Alan Wilson pleaded guilty to nine offences and was sentenced to a 225 hours Community Payback Order at Jedburgh Sheriff Court.Read the full story ›
The virus is usually fatal within two weeks and can cause the number of red squirrels in an area to rapidly decline.Read the full story ›
Police Scotland say tackling wildlife crimes "remains a priority", leading to a number of properties in Longformacus being searched.Read the full story ›
Students at University of Cumbria have devised a scheme to boos wildlife numbers in Carlisle city centreRead the full story ›
The bird was shot two weeks ago in the Sedbergh area, but is expected to be released to the wild soon.Read the full story ›
Water vole spotters are wanted in Cumbria and southern Scotland to help protect populations of the under-threat mammal.Read the full story ›
People are being invited to celebrate Cumbrian wildlife, at an annual event at St Bees Beach.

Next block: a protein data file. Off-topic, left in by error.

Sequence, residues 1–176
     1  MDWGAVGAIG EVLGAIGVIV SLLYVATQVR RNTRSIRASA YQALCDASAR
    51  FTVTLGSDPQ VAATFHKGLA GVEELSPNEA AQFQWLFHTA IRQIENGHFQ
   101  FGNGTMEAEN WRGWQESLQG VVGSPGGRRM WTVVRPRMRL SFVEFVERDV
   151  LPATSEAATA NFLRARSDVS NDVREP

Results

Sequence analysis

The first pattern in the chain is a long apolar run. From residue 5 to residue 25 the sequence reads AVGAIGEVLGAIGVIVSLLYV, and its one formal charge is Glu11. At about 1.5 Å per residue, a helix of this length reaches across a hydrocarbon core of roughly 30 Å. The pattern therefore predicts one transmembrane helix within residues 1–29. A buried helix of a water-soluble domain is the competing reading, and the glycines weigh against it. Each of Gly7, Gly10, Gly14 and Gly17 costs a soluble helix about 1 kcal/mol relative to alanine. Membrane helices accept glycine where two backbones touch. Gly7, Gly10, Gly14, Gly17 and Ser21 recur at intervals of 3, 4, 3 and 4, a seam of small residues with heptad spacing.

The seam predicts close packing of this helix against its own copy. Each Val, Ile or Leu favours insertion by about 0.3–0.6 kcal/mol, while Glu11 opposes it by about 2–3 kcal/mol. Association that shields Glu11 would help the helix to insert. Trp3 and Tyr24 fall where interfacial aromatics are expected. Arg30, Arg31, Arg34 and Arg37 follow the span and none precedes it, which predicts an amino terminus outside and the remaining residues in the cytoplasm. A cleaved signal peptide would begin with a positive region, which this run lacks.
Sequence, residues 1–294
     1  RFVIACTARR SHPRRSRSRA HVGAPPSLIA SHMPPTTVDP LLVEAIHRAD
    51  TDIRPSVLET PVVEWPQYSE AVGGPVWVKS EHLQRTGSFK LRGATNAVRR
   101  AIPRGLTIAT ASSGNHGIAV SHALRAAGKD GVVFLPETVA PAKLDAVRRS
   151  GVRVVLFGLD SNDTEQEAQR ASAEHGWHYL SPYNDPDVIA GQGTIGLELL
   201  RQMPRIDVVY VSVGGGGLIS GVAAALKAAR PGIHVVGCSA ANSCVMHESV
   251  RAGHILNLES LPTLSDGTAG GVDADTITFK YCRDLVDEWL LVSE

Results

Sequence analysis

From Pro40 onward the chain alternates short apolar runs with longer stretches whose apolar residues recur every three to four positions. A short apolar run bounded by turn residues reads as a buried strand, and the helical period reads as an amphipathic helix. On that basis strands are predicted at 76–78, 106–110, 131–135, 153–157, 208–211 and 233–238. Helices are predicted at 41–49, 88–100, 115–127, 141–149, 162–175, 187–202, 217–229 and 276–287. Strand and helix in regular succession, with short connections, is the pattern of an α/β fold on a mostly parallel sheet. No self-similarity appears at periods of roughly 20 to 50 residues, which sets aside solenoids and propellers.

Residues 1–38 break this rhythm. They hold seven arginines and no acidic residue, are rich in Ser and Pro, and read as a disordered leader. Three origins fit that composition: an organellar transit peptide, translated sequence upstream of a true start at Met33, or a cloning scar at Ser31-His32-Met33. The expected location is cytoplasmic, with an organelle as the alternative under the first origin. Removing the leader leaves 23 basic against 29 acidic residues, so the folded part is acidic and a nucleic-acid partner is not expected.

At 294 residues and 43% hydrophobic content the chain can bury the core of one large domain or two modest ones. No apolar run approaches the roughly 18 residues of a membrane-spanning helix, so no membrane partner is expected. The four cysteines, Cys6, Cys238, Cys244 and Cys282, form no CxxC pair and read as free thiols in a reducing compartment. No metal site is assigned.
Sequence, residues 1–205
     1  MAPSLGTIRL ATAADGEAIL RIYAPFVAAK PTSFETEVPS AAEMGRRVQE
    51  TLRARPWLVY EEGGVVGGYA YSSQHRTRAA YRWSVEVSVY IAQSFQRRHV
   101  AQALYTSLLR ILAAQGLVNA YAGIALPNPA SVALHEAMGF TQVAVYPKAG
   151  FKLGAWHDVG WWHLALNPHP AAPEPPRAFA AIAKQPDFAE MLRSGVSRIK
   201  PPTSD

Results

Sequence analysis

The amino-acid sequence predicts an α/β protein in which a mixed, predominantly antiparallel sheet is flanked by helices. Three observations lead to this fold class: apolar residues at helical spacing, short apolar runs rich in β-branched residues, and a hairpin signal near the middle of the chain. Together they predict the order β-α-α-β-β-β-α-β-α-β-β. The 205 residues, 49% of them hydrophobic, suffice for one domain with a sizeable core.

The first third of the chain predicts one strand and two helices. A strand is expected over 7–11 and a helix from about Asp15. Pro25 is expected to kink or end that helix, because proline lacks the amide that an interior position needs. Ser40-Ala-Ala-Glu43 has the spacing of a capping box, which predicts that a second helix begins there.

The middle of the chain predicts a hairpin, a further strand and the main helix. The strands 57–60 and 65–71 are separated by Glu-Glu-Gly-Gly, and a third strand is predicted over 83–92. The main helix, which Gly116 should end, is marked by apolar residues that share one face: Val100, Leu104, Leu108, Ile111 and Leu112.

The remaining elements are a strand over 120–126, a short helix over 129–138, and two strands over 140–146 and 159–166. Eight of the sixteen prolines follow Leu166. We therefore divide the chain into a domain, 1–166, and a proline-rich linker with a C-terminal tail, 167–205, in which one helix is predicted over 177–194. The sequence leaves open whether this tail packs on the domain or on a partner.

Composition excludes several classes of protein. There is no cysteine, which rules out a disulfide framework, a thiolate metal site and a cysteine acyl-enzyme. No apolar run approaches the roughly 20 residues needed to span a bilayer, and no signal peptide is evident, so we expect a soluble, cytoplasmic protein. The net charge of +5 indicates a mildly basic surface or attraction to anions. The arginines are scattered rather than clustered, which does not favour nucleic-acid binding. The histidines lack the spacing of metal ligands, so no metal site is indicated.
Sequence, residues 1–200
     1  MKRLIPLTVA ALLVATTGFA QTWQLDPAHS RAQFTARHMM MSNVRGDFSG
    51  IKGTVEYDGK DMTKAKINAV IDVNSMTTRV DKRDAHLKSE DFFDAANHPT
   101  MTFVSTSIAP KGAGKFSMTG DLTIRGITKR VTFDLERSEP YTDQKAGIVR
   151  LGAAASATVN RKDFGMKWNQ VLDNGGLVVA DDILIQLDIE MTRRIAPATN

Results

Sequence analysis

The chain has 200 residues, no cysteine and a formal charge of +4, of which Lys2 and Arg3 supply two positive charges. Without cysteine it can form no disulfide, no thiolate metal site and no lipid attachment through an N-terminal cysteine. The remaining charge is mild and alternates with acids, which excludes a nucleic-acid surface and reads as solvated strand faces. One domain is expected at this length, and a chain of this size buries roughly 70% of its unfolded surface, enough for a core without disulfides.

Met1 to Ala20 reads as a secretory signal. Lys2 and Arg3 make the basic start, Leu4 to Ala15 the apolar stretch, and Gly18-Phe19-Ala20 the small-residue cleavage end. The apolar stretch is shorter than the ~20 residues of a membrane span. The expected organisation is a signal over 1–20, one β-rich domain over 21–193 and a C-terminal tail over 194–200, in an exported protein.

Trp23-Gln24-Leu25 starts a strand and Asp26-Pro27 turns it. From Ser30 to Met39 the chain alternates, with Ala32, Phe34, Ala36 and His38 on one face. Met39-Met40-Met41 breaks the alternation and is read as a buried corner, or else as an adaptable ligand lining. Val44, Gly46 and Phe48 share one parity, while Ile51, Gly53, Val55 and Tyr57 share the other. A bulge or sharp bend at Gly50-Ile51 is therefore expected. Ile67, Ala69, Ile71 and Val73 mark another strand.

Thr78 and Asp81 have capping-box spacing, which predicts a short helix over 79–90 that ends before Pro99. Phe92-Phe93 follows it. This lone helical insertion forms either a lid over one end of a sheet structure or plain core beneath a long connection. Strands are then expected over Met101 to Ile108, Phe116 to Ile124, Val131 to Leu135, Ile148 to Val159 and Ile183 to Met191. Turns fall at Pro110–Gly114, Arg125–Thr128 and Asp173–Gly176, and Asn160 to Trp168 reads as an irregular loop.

Beached Art, organised by Cumbria Wildlife Trust takes place at 11am on 30 July.
It will involve rock pool rambling, face painting, and dolphin and whale watching.
The sand sculptures competition will get underway at 2pm.
If you want to watch badgers all day long, one Lake District hotel has the perfect thing for you.Read the full story ›
A tapir born at the Lake District Wildlife Park is preparing to leave Cumbria for pastures new.
Alvez is heading off to a breeding programme in the United Arab Emirates in a few weeks time. He's one of a family of four Brazilian tapirs at the Lake District Wildlife Park.
The three-year-old is the first calf of his mum and dad Muffin and Rio, and has a younger brother Zico, born in 2015.
There are four species of Tapirs in Central and South America and South-East Asia. All Tapirs are in decline and their plight is symbolic of the wider threat to their natural habitat in the rain forests. It's hoped that the breeding programme will mean Alvez will soon have a family of his own.
Keeper Leanne Harrington has been looking after the Tapir family since Alvez was only a matter of weeks old. She said:
Alvez was quite a Mummy's boy when he was younger, sticking close by for a long time. Now he has minutes of madness, running around his enclosure. In contrast his little brother is very independent already.
Alvez is quite tolerant of his brother who has a cheeky habit of nipping his older brothers' ankles. They both love having their backs scratched which is great for park guests taking part in Keeper Experiences."